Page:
Some people look hopefully to the United Nations as the venue most likely to promote peace, further international cooperation and forge a future where people on Earth can truly gain a deeper understanding of one another.
Me, I look to International Pow Wow.
On the surface, Pow Wow looks like many other industries' trade shows. It's about bringing buyers and sellers together to make deals. In this case, tour operators, packagers and other industry professionals come from around the world to sign the contracts that power U.S. inbound travel. Hotel blocks are arranged, and theme park tickets are brokered. Destination marketers make pitches, and roadside attractions work to bring more motorcoaches to their doors.
But it is the unique dynamics of travel that separates this conference, organized by the U.S. Travel Association and held in San Francisco this week, from gatherings in other industries.
Everyone who attends Pow Wow is here to facilitate the movement of people from one country to another, and when that happens in times of peace, the world changes for the better.
It's hard to improve on Mark Twain's observation, recorded in 1857: "Travel is fatal to prejudice, bigotry and narrow-mindedness, and many of our people need it sorely on these accounts. Broad, wholesome, charitable views of men and things cannot be acquired by vegetating in one little corner of the earth all one's lifetime."
These days, I doubt there's even "one little corner of the earth" where a person could sit and not formulate a view about America. As a brand, this nation is supported by its ubiquitous exports of music, movies, TV shows and, for better or worse, foreign policy.
Its global reach is a double-edged sword. Everyone thinks they know America, long before they contemplate visiting it. First-time visitors who have followed American pop culture might expect to land in an environment reflective of a materialistic people who, for all their worldly success, seem oddly unsophisticated, and who have created a political landscape defined by polarized viewpoints.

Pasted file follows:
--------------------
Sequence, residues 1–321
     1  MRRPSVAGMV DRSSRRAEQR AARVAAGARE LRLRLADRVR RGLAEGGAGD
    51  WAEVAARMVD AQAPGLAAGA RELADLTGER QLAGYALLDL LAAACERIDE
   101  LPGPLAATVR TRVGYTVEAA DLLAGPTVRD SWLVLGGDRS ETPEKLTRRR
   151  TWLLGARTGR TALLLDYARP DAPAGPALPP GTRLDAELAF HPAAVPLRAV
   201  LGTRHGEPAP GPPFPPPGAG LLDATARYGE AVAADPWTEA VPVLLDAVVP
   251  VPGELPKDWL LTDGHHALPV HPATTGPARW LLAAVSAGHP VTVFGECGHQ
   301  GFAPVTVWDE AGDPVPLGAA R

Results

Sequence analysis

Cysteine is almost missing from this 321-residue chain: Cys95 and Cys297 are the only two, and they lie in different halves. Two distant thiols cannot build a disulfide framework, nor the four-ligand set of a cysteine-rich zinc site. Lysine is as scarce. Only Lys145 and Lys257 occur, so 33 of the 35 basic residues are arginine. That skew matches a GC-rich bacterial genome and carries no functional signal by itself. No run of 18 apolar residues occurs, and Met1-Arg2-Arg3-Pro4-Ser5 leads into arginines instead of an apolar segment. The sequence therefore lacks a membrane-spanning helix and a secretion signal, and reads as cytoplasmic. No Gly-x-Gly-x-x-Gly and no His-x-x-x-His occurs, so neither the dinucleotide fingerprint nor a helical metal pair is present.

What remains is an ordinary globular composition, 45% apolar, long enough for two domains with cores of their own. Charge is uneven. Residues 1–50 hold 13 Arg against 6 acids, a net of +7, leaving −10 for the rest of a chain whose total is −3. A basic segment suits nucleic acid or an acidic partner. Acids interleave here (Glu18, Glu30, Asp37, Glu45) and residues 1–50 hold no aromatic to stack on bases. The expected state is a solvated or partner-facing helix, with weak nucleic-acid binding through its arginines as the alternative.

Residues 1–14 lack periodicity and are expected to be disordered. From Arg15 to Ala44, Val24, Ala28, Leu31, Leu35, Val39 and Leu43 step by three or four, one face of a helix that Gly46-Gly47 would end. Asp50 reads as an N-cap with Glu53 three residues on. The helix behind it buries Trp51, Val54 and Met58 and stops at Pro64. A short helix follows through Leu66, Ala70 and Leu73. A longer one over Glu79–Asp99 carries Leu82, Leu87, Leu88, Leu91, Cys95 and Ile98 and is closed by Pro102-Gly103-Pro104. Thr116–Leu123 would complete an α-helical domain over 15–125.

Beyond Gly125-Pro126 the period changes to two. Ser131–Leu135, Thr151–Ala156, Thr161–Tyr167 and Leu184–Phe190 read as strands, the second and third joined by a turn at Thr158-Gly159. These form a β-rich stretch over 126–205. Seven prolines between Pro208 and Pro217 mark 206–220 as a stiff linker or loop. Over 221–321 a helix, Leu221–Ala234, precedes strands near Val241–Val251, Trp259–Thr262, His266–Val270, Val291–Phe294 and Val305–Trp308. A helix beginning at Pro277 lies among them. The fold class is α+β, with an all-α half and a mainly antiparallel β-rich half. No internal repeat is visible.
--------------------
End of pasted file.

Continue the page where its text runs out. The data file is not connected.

I can't promise they won't see this to some extent, but the fact is that people who actually come to the U.S. walk away with a very different, deeper understanding. People might arrive with preconceptions and stereotypes, but according to an RT Strategies study commissioned by U.S. Travel, 74% of those who actually visit America leave here with "an extremely favorable opinion of the country vs. those who have not visited recently."
But there is an aspect of American policy that must be overcome, by Americans, in order for the U.S. to attract more visitors and shape "an extremely favorable opinion of the country." We must simply be better at inviting people to visit and improve how we welcome them at our borders.
The Travel Promotion Act, signed into law by President Obama about 14 months ago, is a great first step in broadly promoting the country. An international tourism campaign by the U.S. is long overdue, and I'm looking forward to seeing the first TPA-funded ad campaign launch next year.
The second piece -- the visa acquisition process and how we welcome visitors --still has a long way to go. We've underfunded visa application procedures at embassies and consulates, so that potential visitors often face long waits for interview slots and must travel long distances simply to apply. In addition, there needs to be a systematic approach that keeps the nation safe without causing visitors to worry about whether they'll be treated like a criminal when all they want to do is visit our country.
Industry friends who lobby in Washington tell me that progress is slowly being made to change the government mindset. Randy Garfield, executive vice president of worldwide sales and travel operations for Walt Disney World Resorts, recently recalled a conversation with an influential senator. As Garfield went into his pitch for why change still needs to occur, the senator interrupted him to declare: "You're not just preaching to the choir, you're preaching to the preacher!"
And with this column, I know I'm preaching to the preachers. But occasionally I like to remind myself that regardless of our imperfect mechanisms to promote and facilitate travel into the U.S., we have partners around the world who, consciously or not, work to compensate.
Pow Wow attendees do more than conduct business; they construct bridges of cultural understanding between America and the rest of the world.
Email Arnie Weissmann at [email protected] and follow him on Twitter.